NCERT Solutions for Class 12 Physics Chapter 10 Wave Optics PDF – eSaral

# NCERT Solutions for Class 12 Physics Chapter 10 Wave Optics PDF

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### Download NCERT Solutions for Class 12 Physics Chapter 10 Wave Optics PDF

Question 1. Monochromatic light of wavelength $589 \mathrm{~nm}$ is incident from air on a water surface. What are the wavelength, frequency and speed of

(a) reflected, and

(b) refracted light? Refractive index of water is $1.33$

Solution. The wavelength of incident monochromatic light,

$\lambda=589 \mathrm{~nm}=589 \times 10^{-9} \mathrm{~m}$

Speed of light in air, $c=3 \times 10^{8} \mathrm{~m} / \mathrm{s}$

Refractive Index of water, $\mu=1.33$

(a) The reflected ray will reflect back in the same medium as that of the incident ray medium. Hence, the

wavelength, frequency, and speed of the reflected ray will be the same as that of the Incident ray because of the same medium.

Frequency of light is,

$v=\frac{c}{\lambda}$

$=\frac{3 \times 10^{8}}{589 \times 10^{-9}}$

$=5.09 \times 10^{14} \mathrm{~Hz}$

Hence, wavelength, frequency, and speed of the reflected light in the same medium are $589 \mathrm{~nm}, 5.09 \times 10^{14} \mathrm{~Hz}$, and $3 \times 10^{8} \mathrm{~m} / \mathrm{s}$ respectively.

(b) Frequency of light does not depend on the travelling medium. Therefore, the frequency of the refracted ray in water is equal to the frequency of the incident or reflected light in air.

Refracted frequency, $\mathrm{v}=5.09 \times 10^{14} \mathrm{~Hz}$

Speed of light in water is:

$v=\frac{c}{\mu}$

$\mathrm{v}=\frac{3 \times 10^{8}}{1.33}=2.26 \times 10^{8} \mathrm{~m} / \mathrm{s}$

wavelength of light in water is,

$\lambda=\frac{v}{v}$

$=\frac{2.26 \times 10^{8}}{5.09 \times 10^{14}}$

$=444.007 \times 10^{-9} \mathrm{~m}$

$=444.01 \mathrm{~nm}$

Hence, the frequency, speed and wavelength of refracted light are

$444.01 \mathrm{~nm}, 2.26 \times 10^{8} \mathrm{~m} / \mathrm{s}$ and $5.09 \times 10^{14} \mathrm{~Hz}$ respectively.

Question 2. What is the shape of the wavefront in each of the following cases:

(a) Light diverging from a point source.

(b) Light emerging out of a convex lens when a point source is placed at its focus.

(c) The portion of the wavefront of light from a distant star intercepted by the Earth.

Solution. (a) In case of a light diverging from a point source, the shape of the wave front is spherical. The wave front emerging from a point source is shown in the given figure.

(b) In case of a light emerging out of a convex lens when a point source is placed at focus, the shape of the wave front is parallel grid. This is shown in. the given figure.

(c) The portion of the wave-front of light from a distant star intercepted by the Earth is a plane.

Question 3. (a) The refractive index of glass is $1.5 .$ What is the speed of light in glass? (Speed of light in vacuum is $3.0 \times 10^{8} \mathrm{~m} \mathrm{~s}^{-1}$ )

(b) Is the speed of light in glass independent of the colour of light? If not, which of the two colours red and violet travels slower in a glass prism?

Solution. (a) Refractive index of glass, $\mu=1.5$

Speed of light, $\mathrm{c}=3 \times 10^{8} \mathrm{~m} / \mathrm{s}$

Speed of light in glass is,

$\mathrm{v}=\frac{\mathrm{c}}{\mu}$

$=\frac{3 \times 10^{8}}{1.5}=2 \times 10^{8} \mathrm{~m} / \mathrm{s}$

Hence, the speed of light in glass is $2 \times 10^{8} \mathrm{~m} / \mathrm{s}$.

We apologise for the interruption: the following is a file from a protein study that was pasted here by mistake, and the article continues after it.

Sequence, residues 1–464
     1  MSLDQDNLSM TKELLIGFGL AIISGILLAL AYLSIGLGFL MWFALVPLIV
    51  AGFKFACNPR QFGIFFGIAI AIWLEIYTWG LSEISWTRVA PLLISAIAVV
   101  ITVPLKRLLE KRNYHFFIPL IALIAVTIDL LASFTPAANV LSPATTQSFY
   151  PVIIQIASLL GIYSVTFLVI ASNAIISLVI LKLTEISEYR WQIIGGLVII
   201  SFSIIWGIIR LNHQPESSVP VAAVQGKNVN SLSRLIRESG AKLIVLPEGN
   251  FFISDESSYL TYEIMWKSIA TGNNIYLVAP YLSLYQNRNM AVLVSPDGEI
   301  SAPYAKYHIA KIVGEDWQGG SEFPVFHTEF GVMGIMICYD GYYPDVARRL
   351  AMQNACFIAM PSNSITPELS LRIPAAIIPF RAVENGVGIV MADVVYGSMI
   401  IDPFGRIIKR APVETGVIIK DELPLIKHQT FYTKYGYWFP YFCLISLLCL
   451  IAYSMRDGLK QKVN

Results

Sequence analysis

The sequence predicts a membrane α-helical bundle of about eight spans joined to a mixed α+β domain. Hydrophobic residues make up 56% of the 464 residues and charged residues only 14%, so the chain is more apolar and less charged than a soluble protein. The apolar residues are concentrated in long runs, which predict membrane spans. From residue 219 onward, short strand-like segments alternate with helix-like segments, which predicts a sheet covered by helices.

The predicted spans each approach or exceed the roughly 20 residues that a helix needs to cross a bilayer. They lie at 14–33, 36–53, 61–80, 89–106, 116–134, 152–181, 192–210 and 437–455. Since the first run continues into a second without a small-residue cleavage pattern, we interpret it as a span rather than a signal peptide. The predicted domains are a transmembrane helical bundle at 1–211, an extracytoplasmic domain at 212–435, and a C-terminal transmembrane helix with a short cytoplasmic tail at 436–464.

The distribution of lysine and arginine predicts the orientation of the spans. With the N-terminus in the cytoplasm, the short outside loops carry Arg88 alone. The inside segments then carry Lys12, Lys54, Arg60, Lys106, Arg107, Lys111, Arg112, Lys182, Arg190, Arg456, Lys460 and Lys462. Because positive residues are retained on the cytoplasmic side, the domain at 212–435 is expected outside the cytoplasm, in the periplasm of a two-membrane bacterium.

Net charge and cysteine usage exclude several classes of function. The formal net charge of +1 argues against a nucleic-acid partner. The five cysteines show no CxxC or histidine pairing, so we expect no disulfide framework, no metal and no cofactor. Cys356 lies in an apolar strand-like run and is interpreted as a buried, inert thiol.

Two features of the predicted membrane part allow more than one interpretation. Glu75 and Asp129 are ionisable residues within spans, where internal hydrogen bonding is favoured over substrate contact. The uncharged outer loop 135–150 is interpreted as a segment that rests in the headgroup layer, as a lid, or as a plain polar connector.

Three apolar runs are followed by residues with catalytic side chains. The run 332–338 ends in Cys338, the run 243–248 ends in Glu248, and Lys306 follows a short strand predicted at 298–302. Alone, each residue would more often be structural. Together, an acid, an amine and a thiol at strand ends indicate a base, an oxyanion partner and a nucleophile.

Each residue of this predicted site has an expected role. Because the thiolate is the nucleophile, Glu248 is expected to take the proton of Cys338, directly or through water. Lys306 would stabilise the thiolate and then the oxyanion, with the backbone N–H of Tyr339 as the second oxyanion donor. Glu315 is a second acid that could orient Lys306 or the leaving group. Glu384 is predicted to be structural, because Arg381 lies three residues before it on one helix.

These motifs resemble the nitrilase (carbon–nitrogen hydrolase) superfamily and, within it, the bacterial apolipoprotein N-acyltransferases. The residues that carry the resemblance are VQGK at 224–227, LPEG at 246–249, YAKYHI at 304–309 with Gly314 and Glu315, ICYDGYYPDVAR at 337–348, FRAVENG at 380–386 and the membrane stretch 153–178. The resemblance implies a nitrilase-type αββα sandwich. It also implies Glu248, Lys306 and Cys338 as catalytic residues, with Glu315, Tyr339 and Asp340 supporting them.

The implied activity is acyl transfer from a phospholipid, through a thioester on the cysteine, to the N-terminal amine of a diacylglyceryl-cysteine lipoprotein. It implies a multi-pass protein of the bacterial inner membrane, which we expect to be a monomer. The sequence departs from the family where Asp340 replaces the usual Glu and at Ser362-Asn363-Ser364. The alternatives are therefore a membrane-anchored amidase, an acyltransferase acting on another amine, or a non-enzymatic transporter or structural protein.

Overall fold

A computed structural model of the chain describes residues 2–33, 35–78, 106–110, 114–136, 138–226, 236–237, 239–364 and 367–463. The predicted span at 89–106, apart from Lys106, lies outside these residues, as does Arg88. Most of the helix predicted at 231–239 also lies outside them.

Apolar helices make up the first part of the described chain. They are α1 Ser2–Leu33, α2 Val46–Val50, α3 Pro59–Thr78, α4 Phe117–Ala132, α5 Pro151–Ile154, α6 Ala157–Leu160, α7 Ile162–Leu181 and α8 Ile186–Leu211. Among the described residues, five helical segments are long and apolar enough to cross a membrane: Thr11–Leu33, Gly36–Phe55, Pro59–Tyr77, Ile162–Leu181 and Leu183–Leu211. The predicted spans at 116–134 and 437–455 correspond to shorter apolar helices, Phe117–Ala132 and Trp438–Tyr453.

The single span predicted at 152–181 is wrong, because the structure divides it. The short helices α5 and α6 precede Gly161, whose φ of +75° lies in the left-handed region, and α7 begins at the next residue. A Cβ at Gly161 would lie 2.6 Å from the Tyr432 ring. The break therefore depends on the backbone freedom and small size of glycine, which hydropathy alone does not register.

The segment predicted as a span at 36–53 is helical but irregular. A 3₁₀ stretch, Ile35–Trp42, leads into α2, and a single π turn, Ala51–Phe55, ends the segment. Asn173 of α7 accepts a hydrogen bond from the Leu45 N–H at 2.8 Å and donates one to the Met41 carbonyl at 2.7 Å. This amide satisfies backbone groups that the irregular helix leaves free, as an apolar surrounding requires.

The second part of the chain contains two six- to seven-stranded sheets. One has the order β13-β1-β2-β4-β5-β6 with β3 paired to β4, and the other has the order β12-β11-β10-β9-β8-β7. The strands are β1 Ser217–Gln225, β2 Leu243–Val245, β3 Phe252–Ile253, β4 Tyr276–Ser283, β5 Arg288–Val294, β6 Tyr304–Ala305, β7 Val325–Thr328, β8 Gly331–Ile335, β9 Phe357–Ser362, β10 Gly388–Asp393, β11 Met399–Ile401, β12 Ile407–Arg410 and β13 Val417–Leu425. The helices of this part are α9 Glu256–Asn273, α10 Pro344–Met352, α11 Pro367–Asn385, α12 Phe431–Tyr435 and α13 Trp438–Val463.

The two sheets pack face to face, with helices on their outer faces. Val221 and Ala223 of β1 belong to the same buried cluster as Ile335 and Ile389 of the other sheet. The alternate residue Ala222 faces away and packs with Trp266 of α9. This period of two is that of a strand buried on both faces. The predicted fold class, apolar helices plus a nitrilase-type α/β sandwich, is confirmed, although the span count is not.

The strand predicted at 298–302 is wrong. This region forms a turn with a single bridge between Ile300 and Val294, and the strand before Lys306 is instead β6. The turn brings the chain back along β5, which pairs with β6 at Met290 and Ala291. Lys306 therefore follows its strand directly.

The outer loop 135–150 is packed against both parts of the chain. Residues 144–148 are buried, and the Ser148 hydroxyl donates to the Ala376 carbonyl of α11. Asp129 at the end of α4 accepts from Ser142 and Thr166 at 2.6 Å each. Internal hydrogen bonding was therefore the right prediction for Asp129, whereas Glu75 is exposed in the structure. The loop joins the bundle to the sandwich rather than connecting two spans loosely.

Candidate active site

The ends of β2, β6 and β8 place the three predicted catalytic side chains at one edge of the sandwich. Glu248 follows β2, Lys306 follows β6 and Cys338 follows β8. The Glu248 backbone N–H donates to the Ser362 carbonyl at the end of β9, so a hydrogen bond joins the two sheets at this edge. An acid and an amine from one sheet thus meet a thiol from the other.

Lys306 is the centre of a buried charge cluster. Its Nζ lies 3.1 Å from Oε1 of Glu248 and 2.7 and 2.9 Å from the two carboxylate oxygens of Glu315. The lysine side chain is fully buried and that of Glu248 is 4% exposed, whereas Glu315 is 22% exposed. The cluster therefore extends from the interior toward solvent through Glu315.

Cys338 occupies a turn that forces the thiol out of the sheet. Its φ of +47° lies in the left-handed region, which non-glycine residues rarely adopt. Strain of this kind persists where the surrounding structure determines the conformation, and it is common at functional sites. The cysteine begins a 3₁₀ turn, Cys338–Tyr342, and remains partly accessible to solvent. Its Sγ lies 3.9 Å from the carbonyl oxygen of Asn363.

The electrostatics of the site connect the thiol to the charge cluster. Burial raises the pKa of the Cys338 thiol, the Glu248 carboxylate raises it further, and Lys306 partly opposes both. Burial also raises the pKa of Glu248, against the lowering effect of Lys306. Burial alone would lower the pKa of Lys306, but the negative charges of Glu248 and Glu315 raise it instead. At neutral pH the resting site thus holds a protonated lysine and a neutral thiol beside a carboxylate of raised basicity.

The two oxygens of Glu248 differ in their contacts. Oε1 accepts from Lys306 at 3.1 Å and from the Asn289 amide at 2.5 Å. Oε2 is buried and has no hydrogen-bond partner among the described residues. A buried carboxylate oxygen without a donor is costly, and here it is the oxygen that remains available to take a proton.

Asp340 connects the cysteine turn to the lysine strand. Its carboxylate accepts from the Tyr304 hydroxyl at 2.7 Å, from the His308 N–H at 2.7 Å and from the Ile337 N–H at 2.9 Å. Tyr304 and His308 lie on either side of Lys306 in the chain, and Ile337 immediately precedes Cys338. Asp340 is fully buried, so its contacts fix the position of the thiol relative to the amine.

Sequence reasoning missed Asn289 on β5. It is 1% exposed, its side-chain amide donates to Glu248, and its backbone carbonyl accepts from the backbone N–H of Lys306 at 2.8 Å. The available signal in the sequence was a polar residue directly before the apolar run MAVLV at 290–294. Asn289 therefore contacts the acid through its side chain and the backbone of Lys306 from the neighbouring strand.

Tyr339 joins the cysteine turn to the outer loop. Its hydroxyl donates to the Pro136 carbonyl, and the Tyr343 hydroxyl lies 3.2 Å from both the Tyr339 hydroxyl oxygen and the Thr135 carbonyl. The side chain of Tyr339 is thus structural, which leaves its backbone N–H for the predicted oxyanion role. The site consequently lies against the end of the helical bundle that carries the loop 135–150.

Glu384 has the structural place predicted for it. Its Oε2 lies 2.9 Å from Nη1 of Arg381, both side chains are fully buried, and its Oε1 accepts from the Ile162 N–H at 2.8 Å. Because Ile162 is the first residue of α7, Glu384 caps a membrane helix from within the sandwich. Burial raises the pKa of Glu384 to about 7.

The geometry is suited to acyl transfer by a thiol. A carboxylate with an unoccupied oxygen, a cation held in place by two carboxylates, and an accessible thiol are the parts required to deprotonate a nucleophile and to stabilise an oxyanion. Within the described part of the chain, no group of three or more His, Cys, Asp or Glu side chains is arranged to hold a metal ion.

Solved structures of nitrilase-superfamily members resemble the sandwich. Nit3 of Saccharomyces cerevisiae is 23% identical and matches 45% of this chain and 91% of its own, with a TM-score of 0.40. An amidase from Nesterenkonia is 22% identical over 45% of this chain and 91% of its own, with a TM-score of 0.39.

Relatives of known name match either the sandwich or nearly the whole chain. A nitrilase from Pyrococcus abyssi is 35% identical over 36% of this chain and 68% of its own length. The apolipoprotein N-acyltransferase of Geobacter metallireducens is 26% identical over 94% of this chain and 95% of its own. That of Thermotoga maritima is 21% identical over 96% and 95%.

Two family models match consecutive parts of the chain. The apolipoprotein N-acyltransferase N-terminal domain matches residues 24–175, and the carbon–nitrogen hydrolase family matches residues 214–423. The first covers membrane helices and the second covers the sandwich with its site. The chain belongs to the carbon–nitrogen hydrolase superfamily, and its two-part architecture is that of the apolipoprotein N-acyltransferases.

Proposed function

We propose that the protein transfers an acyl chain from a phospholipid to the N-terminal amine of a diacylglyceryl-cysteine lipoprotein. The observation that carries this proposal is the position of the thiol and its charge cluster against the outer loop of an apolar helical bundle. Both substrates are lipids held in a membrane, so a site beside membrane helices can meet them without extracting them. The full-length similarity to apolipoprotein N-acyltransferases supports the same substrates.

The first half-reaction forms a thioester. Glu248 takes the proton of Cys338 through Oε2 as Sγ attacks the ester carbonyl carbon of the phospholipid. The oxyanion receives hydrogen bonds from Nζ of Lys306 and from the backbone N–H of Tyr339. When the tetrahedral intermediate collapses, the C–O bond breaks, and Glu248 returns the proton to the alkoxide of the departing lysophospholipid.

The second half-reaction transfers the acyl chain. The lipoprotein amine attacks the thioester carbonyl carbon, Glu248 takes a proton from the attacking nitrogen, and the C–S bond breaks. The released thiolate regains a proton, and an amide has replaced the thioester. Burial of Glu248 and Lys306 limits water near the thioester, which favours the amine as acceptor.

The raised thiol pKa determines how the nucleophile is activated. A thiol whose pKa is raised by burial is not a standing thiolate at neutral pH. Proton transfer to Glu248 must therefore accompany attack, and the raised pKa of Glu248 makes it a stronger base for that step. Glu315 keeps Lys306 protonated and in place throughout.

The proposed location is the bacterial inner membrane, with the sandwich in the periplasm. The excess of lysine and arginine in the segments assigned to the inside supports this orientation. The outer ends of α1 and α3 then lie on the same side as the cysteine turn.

(b) The speed of light in glass depends on the colour of light. The refractive index of a violet component of white light is higher than the refractive index of a red component of white light. Hence, the speed of violet light is lesser than the speed of red light in glass. Hence, violet light travels slower compared to red light in a glass prism.

Question 4. Young’s double-slit experiment, the slits are separated by $0.28 \mathrm{~mm}$ and the screen is placed $1.4 \mathrm{~m}$ away. The distance between the central bright fringe and the fourth bright fringe is measured to be $1.2 \mathrm{~cm}$. Determine the wavelength of light used in the experiment.

Solution. Distance between the two slits, $\mathrm{d}=0.28 \mathrm{~mm}=0.28 \times 10^{-3} \mathrm{~m}$

Distance between the two slits and the screen, $D=1.4 \mathrm{~m}$

Distance between the central fringe and fourth $(\mathrm{n}=4)$ fringe,

$\mathrm{u}=1.2 \mathrm{~cm}=1.2 \times 10^{-2} \mathrm{~m}$

In case of constructive interference, we have the relation for the distance between the two fringes as:

$u=n \lambda \frac{D}{d}$

Where,

$n=$ order of fringes $=4$

$\lambda=$ wavelength of light used

$\therefore \lambda=\frac{u d}{n D}$

$=\frac{1.2 \times 10^{-2} \times 0.28 \times 10^{-3}}{4 \times 1.4}$

$=6 \times 10^{-7}$

$=600 \mathrm{~nm}$

Hence, the wavelength of the light is $600 \mathrm{~nm}$

Question 5. In Young’s double-slit experiment using monochromatic light of wavelength $\lambda$, the intensity of light at a point on the screen where path difference is $\lambda$, is $\mathrm{K}$ units. What is the intensity of light at a point where path difference is $N 3$ ?

Solution. Let $I_{1}$ and $I_{2}$ be the intensity of the two light waves. The resultant intensities can be obtained as:

$I_{1}+I_{2}+2 \sqrt{I_{1} I_{2}} \cos \phi$

Where,

$\phi=$ Phase difference between the two waves

For monochromatic light waves,

$I_{1}=I_{2}$

$\therefore I^{\prime}=I_{1}+2 \sqrt{I_{1} I_{1}} \cos \phi$

$=2 I_{1}+2 I_{1} \cos \phi$

Phase difference $=\frac{2 \pi}{\lambda} \times$ Path difference

Since path difference $=\lambda$

Phase difference, $\phi=2 \pi$

$\therefore I^{\prime}=2 I_{1}+2 I_{1}=4 I_{1}$

Given

$I^{\prime}=K$

$\therefore I_{1}=\frac{K}{4} \ldots \ldots$ (1)

When path difference $=\frac{\lambda}{3}$,

Phase difference, $\phi=\frac{2 \pi}{3}$